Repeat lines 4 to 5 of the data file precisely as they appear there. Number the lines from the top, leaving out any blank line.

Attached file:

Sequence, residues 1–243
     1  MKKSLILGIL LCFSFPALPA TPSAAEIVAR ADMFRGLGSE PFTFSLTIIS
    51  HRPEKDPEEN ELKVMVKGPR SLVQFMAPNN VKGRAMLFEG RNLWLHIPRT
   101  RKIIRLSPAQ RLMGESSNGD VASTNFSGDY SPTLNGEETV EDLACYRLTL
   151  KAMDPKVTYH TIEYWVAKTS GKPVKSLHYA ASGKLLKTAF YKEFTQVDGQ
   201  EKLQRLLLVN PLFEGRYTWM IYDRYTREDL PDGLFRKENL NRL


   101  RKIIRLSPAQ RLMGESSNGD VASTNFSGDY SPTLNGEETV EDLACYRLTL
   151  KAMDPKVTYH TIEYWVAKTS GKPVKSLHYA ASGKLLKTAF YKEFTQVDGQ